When he could get a day off from the theater, he would be recording new songs in the studio, or performing live, often at charity benefits as far away as Miami, Chicago, and Las Vegas, or doing television variety specials in Los Angeles.
Davis knew he was cheating his family of his company, but he could not help himself; as he later said, he was incapable of standing still.
On March 23, 1951, the Will Mastin Trio appeared at Ciro's as the opening act for headliner Janis Paige.
No dressing rooms were provided for black performers, and they had to wait outside by the swimming pool between acts.
Davis and other black artists could entertain, but could not stay at the hotels where they performed, gamble in the casinos, or dine or drink in the hotel restaurants and bars.
Although he did not particularly care for the song and was chagrined that he was now best known for it, Davis made the most of his opportunity and revitalized his career.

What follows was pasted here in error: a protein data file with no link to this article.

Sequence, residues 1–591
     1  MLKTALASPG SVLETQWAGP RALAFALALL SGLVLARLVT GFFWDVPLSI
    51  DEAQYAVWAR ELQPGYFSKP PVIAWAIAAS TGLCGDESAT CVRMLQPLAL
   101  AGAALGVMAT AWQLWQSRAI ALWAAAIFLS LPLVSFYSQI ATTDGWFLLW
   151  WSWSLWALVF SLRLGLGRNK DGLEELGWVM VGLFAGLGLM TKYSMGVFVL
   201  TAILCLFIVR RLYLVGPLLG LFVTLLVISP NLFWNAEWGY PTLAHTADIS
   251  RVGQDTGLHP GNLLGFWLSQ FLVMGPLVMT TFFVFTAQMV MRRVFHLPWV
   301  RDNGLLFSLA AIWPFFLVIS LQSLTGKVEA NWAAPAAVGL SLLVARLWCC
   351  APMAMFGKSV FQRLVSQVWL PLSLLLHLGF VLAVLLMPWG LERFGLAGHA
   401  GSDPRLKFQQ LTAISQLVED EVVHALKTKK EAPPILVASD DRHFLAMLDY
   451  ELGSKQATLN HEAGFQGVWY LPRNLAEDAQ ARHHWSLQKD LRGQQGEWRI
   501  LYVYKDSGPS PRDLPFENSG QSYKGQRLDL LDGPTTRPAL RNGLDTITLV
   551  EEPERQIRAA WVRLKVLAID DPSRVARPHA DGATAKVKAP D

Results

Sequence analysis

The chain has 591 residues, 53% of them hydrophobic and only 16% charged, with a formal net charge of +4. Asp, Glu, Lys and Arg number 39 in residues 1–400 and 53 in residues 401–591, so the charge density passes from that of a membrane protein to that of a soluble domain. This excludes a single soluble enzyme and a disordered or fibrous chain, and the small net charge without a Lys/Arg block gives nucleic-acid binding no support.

Although he enjoyed no more Top 40 hits, he did enjoy popularity with his 1976 performance of the theme song from the Baretta television series, "Baretta's Theme (Keep Your Eye on the Sparrow)" (1975–1978), which was released as a single (20th Century Records 2282).
"My talent was the weapon, the power, the way for me to fight.
It was the one way I might hope to affect a man's thinking," he said.Davis learned to dance from his father and his "uncle" Will Mastin, who led the dance troupe his father worked for.Davis joined the act as a child and they became the Will Mastin Trio. When Davis served in the United States Army during World War II, however, he was confronted by strong racial prejudice.In 1966 he had his own TV variety show, titled The Sammy Davis Jr. Davis's career slowed in the late 1960s, but he had a hit record with "The Candy Man" in 1972 and became a star in Las Vegas, earning him the nickname "Mister Show Business".Davis was a victim of racism throughout his life, particularly during the pre-Civil Rights era, and was a large financial supporter of the Civil Rights movement. I'm a one-eyed Negro Jew." After reuniting with Sinatra and Dean Martin in 1987, Davis toured with them and Liza Minnelli internationally, before he died of throat cancer in 1990.After his discharge, Davis rejoined the family dance act, which played at clubs around Portland, Oregon.